However, it is plausible that the most meaningful result of this campaign could be a significant change to how we conduct federal elections. Policies buried in the footnotes of the party’s platforms, and barely registering with the voting public, could fundamentally change the way Canadians choose their federal Parliament.
Both Tom Mulcair’s NDP party and Justin Trudeau’s Liberal party are on record that this will be the last federal election using the “first-past-the-post” rules that have been in place since 1867. Many have responded to these proposals with a yawn. Opposition parties have frequently proposed electoral reform, only to fail to follow through once in office (which, by definition, they achieved under the old rules). Five provinces have seriously attempted electoral reform in the past decade. None of these processes resulted in meaningful change.
So it’s easy to dismiss the current proposals. Liberal activist Adam Goldenberg argued in Policy Options recently that Mulcair cannot be trusted to follow through on his promise, citing pressure from the grassroots members that caused Alberta NDP Leader Rachel Notley to drop a similar commitment before she became premier. Besides, he said, Mulcair has shown himself willing to put his party’s electoral prospects above his principals by refusing to support Green Party Leader Elizabeth May’s inclusion in all the debates. Of course, only a month or so ago, NDP activist Jamey Heath opined that the Liberals are the obstacle to “our long overdue realignment” by expecting that the pressure for change will ultimately come outside of the electoral process.
Yet, suppose the first-past-the-post system under which the Oct. 19 election is being fought creates the conditions for different political motivations. Would Trudeau’s confident rejection of a coalition with Mulcair’s NDP withstand the pressure to remove Prime Minister Stephen Harper from office if the opportunity presented itself?
Campaigns make a difference, so it is hardly prudent to predict outcomes this far in advance. However, it is credible to posit a scenario in which the Conservatives win 140-or-so seats, the NDP around 120, and the Liberals around 70.
History suggests a third-place party that formally enables a minority government to sustain power is rarely rewarded. Witness what happened to junior members of Liberal-NDP Accord in the 1987 Ontario election, or the Conservative-Liberal-Democratic Coalition in the 2015 British election. The enabling party tends to get very little of the credit and at least an equal share of the blame from voters. Even the unification of the Progressive Conservatives and Canadian Alliance in 2003 was made possible only by a degree of sacrificial diplomacy from Peter McKay who, in agreeing to unite the parties, effectively killed his own prime ministerial ambitions. Sacrifice being in notably short supply in contemporary politics, is Trudeau ready to risk his personal ambition to see systematic change achieved?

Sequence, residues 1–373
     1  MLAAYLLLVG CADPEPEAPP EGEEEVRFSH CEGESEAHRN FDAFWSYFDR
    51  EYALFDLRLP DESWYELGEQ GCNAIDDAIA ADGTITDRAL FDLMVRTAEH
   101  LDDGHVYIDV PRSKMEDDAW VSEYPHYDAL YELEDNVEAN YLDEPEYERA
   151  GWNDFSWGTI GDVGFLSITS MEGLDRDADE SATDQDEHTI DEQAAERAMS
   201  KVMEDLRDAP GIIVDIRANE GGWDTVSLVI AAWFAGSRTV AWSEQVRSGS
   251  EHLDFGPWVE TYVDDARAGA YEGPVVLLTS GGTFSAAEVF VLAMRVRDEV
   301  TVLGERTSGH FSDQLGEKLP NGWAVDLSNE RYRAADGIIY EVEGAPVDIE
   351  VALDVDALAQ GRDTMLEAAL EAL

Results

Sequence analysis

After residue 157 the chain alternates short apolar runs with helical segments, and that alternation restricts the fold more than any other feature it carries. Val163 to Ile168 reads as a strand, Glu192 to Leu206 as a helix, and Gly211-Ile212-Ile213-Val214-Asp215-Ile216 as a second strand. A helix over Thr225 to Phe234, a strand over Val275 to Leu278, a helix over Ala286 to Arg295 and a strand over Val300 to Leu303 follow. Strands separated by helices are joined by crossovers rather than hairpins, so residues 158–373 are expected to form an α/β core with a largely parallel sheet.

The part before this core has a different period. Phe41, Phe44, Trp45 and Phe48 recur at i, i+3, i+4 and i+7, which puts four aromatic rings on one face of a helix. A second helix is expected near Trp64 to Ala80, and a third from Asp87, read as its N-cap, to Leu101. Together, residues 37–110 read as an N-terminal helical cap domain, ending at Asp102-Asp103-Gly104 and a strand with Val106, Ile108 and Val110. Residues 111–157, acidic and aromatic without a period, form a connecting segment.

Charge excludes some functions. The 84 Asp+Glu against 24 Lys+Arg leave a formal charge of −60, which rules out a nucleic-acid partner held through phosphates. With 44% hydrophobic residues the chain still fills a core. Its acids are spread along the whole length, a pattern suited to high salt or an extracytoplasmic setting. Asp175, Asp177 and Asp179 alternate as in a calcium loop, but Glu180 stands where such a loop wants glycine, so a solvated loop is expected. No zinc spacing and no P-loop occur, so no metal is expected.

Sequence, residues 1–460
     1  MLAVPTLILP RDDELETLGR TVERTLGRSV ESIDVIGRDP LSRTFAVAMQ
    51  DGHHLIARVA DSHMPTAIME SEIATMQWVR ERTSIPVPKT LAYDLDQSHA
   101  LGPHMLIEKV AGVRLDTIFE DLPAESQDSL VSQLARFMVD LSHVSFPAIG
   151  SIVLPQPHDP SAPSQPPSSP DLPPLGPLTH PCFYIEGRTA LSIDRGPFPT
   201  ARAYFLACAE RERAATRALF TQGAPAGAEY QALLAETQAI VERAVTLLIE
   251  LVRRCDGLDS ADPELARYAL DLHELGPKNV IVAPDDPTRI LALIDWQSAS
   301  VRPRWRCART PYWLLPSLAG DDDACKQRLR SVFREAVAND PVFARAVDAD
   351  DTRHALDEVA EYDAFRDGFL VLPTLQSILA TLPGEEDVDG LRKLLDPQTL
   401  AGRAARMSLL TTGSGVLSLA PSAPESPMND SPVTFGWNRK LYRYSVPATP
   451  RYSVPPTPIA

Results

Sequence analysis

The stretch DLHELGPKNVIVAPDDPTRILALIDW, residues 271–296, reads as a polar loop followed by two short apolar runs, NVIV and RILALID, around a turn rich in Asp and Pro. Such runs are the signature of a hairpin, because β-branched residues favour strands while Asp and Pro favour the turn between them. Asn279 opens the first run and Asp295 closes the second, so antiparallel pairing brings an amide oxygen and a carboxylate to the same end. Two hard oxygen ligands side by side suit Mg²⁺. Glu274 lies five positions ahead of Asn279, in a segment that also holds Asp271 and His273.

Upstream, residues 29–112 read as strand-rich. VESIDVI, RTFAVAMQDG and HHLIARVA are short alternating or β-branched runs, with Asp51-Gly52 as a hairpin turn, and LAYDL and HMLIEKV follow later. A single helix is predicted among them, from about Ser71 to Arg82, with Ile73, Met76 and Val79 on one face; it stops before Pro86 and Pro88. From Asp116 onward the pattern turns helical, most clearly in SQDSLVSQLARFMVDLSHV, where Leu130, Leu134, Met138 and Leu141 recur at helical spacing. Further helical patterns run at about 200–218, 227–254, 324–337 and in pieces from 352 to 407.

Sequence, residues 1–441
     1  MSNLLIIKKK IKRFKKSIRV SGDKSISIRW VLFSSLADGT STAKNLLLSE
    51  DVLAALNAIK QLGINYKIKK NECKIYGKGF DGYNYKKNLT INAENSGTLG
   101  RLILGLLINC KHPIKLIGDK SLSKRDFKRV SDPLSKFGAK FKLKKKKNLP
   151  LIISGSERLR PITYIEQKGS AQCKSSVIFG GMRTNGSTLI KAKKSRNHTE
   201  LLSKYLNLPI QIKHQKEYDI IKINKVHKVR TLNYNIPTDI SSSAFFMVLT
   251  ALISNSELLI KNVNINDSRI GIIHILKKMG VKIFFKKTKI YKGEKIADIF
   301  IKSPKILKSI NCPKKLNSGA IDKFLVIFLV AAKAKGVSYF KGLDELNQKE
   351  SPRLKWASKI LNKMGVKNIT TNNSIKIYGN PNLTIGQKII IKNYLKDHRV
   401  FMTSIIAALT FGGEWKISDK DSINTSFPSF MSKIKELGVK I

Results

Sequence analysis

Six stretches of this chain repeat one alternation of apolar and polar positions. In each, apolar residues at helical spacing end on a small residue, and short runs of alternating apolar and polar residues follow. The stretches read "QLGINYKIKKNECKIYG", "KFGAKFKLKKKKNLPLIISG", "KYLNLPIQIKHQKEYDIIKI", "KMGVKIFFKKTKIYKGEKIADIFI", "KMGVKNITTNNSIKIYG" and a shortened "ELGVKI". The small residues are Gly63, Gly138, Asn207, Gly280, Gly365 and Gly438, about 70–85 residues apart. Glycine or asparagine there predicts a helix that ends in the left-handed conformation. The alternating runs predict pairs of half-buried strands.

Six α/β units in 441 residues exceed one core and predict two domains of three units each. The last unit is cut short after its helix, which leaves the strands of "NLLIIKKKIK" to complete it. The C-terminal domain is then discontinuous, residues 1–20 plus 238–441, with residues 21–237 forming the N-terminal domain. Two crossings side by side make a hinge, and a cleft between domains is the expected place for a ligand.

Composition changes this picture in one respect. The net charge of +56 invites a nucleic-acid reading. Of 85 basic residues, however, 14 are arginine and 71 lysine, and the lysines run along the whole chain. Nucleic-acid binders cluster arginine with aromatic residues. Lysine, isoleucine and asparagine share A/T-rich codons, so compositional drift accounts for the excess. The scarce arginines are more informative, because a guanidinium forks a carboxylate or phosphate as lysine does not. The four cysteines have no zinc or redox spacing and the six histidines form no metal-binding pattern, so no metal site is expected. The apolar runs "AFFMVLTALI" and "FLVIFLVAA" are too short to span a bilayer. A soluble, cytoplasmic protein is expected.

The decision may not be Trudeau’s to make. The Liberal brand is a historic and powerful brand within Canadian politics. Even though it has been in decline on the federal stage, it will not disappear easily. Established Canadian political brands have longevity that outlasts electoral misfortune. In 1993, the federal Progressive Conservatives went from majority government to two seats in the House of Commons, yet their brand remained such that MacKay’s surrender of it in 2003 was hotly contested. The Liberal establishment, which shows little love for its NDP counterparts after decades of sparring for centre-left votes, will surely not be keen to watch Trudeau help Mulcair become prime minister.
But what if the election results let both Liberal and NDP operatives realistically game scenarios in which they win the next election under new rules? Surely, then, removing Harper and the despised Conservatives becomes the necessary pretext to facilitate their strategies. Imagine a Liberal-NDP deal in which Mulcair becomes the prime minister provided he agrees to pass a new election law within two years, after which this election for change would be re-fought. There is plenty to be pointed to within both party platforms as a mandate for this change.
If you are concerned, Harper has turned the quick dash of a 37-day election campaign into an 11-week marathon of hope; prepare to have your patience tested further. Against the settled political outcome to which Canadians are accustomed, the 2015 vote could lead to deep uncertainty about how we’ll even choose our Parliament, followed by a snap 2017 election that will leave us more unsettled still. The only sure thing is that the consequences will be far reaching for Canada.
Ray Pennings is executive vice-president of Cardus, Canada’s leading Christian think tank.